Author
National Academy of Engineering Memorial Tributes Volume 5
Membership Directory
PublisherNational Academies Press
Copyright1992
ISBN978-0-309-04689-3
Memorial Tributes: National Academy of Engineering, Volume 5

This is the fifth volume in the series of Memorial Tributes compiled by the National Academy of Engineering as a personal remembrance of the lives and outstanding achievements of its members and foreign members. These volumes are intended to stand as an enduring record of the many contributions of engineers and engineering to the benefit of humankind. In most cases, the authors of the tributes are contemporaries or colleagues who had personal knowledge of the interests and the engineering accomplishments of the deceased.

 

This is the fifth volume in the series of Memorial Tributes compiled by the National Academy of Engineering as a personal remembrance of the lives and outstanding achievements of its members and foreign members. These volumes are intended to stand as an enduring record of the many contributions of engineers and engineering to the benefit of humankind. In most cases, the authors of the tributes are contemporaries or colleagues who had personal knowledge of the interests and the engineering accomplishments of the deceased.

 

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  • CHARLES W. STEPHENS 1930-1990

    BY J. R. BURNETT

    Charles W. Stephens, or ''Charlie'' as he was known to his family and friends, died on July 16, 1990, just a few days short of the age of 60. Charlie retired in 1986 as the corporate vice-president and deputy general manager of the Electronics and Defense Sector of TRW Inc. From retirement until his death, Charlie was a technical consultant to TRW.

    Elected to the National Academy of Engineering in 1985, Charlie was an innovative, dedicated professional known for his many technical contributions to space electronic and communications systems, his mentoring the professional growth of many engineers, and his service to the engineering profession both within TRW and in the larger technical community.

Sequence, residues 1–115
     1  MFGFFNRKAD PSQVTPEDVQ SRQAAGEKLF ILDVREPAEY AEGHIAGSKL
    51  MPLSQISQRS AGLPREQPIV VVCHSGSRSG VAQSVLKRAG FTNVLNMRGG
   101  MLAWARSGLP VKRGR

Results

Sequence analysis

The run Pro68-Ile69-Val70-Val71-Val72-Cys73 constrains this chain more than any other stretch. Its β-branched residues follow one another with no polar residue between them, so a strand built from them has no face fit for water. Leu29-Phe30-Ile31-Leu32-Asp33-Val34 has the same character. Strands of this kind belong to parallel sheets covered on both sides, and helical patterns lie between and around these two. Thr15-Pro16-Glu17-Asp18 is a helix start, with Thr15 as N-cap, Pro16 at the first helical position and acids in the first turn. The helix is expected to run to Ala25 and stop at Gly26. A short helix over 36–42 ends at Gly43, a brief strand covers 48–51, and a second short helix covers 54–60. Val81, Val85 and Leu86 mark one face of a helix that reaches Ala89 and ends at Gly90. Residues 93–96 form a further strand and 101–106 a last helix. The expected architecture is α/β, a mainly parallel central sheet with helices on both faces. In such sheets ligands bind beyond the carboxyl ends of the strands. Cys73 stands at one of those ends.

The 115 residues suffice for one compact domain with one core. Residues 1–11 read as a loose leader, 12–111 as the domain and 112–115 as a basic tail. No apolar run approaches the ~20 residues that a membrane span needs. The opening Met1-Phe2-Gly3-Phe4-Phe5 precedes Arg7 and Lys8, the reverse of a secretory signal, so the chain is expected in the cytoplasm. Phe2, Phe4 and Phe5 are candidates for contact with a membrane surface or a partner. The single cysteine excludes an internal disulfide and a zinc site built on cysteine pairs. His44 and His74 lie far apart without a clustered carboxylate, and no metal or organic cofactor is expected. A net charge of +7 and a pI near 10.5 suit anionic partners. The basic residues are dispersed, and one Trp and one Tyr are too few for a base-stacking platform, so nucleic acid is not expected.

Charlie was born on July 26, 1930, in Liberal, Kansas. He received his B.S. in electrical engineering from the University of Kansas in 1953. While at Bell Laboratories, he took the Graduate Engineering Program. He also graduated from the Executive Program at the University of California, Los Angeles, in 1971.

    Charlie and Mary Stephens were married in August of 1952. They had three children, Craig, Cathy, and Kirk. Upon graduation from the University of Kansas, Charlie joined Bell Telephone Laboratories, where he was involved in military electronics design until 1954. He served his country in the U.S. Army until 1956. In 1957 he joined the Ramo Wool dridge Corporation, the predecessor company to TRW, and remained there until his retirement in 1986.

    Charlie, early in his TRW career, showed signs of being precocious not only technically but also managerially. His three-decade career was entirely in the fields of spacecraft electronics and space communications. The breadth of these fields included research and development, manufacturing, integration and test, and on-orbit operations. He contributed to all of these activities as he climbed the management ladder from design and research engineering through management of subsystems and complete systems, and then to overall management of the enterprise.